Biographical History of Montgomery and Adams Counties, Iowa - 1892 - R

Montgomery County  >> 1892 Index
Adams County

Biographical History of Montgomery and Adams Counties, Iowa. 
Chicago: The Lewis Publishing Company, 1892.


Unless otherwise noted, the following biographies were submitted by Dick Barton.

John N. Ramsay

This prominent and influential pioneer citizen has resided in Adams county since 1855. Coming here when the country was wild, he has been an important factor in developing its resources, and is justly entitled to the success which has crowned his efforts.

Mr. Ramsay was born in Putnam county, Indiana, in November, 1832. His parents, John and Catherine (Thompson) Ramsay, the former a native of Virginia and the latter of Kentucky, were married in Montgomery county, Kentucky. When John N. was six weeks old his parents returned to Kentucky, and his mother died there when he was six years old. In 1848 his father went back to Indiana, and the following year made the overland trip with mule teams to California, returning the same year. His death occurred in 1851, at the age of fifty years. By trade he was a brick mason. Of their four children three are living, namely: Georgia Ann Hamilton, of Parke county, Indiana; John N., the subject of our sketch; Margaret Boggs, of Monroe county, Iowa. James S., the oldest, died at the age of fourteen years.

John N. grew up in the rural districts of Kentucky, obtaining his education in the common schools of that State. When he was seventeen he learned the trade of carriage-painting. At seventeen he went to Putnam county, Indiana, where he lived until 1851. That year he came to Monroe county, Iowa. In 1852 he drove an ox team across the plains to California, arriving there after a four months' journey. Two years and two months he mined in the various mining districts of the Golden State, and in the winter of 1854 returned, via the Nicaragua route, New York and Chicago, to Monroe county, Iowa. In the spring of 1855 he came to Adams county, and settled on his present farm, 240 acres, in Carl township, section 15. He at first built a log cabin, 14 x 16 feet, from the humble door of which the latch-string ever hung out, and where hospitality was dispensed to both stranger and friend.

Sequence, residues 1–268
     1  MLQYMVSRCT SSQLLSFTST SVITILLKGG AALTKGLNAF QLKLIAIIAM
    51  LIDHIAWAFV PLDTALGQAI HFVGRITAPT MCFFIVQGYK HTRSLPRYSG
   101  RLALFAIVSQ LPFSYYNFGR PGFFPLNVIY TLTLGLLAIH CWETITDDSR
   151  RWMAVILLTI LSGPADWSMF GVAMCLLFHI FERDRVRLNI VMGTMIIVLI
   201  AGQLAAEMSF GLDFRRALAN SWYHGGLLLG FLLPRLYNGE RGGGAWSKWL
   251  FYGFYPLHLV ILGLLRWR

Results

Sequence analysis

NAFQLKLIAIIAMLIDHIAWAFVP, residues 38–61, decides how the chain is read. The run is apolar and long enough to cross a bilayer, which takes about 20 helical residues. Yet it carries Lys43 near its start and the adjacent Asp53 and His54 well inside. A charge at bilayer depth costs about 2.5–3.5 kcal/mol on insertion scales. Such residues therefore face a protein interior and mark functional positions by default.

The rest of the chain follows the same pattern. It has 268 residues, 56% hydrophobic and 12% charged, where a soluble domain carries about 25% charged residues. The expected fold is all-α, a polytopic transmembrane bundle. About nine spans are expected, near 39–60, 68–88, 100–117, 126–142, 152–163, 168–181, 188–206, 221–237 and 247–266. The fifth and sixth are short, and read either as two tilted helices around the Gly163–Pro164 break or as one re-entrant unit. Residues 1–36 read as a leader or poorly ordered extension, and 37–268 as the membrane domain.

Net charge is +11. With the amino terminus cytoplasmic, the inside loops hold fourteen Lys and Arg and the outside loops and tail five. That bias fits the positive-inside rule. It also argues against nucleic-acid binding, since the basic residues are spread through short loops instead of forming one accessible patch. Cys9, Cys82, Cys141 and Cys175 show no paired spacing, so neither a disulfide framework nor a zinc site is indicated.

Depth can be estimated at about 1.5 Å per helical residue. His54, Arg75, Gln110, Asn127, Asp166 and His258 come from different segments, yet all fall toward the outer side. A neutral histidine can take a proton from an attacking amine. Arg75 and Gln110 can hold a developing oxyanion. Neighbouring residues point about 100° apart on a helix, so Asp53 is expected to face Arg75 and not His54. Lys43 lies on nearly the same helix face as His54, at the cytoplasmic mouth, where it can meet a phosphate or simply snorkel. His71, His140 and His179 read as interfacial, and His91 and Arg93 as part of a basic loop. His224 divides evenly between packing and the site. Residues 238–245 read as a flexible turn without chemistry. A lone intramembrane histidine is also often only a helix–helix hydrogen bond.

In December, 1863, Mr. Ramsay enlisted in the Twenty-ninth Iowa Volunteers, and with his regiment went to the front. He participated in a number of important engagements in the South, and while in Texas, at the mouth of the Rio Grande river, was taken sick with fever, and later with chronic disease. He was for a time in the hospital at San Diego, afterward at New Orleans in the Sedgwick Hospital two or three weeks, from whence he was transferred to Jefferson Barracks, St. Louis, Missouri, where he was honorably discharged. He then returned to his home in Adams county, and here he has since lived. His fine farm of 240 acres, located in section 15, is one of the best in Carl township. His primitive log cabin has been moved to the rear and used for a tool house, and in its place stands a modern frame dwelling, erected in 1875 and surrounded with evergreens and ornamental shrubs and shade trees, with a beautiful grove and orchard near by. Other improvements on the farm indicate the prosperity which has attended Mr. Ramsay.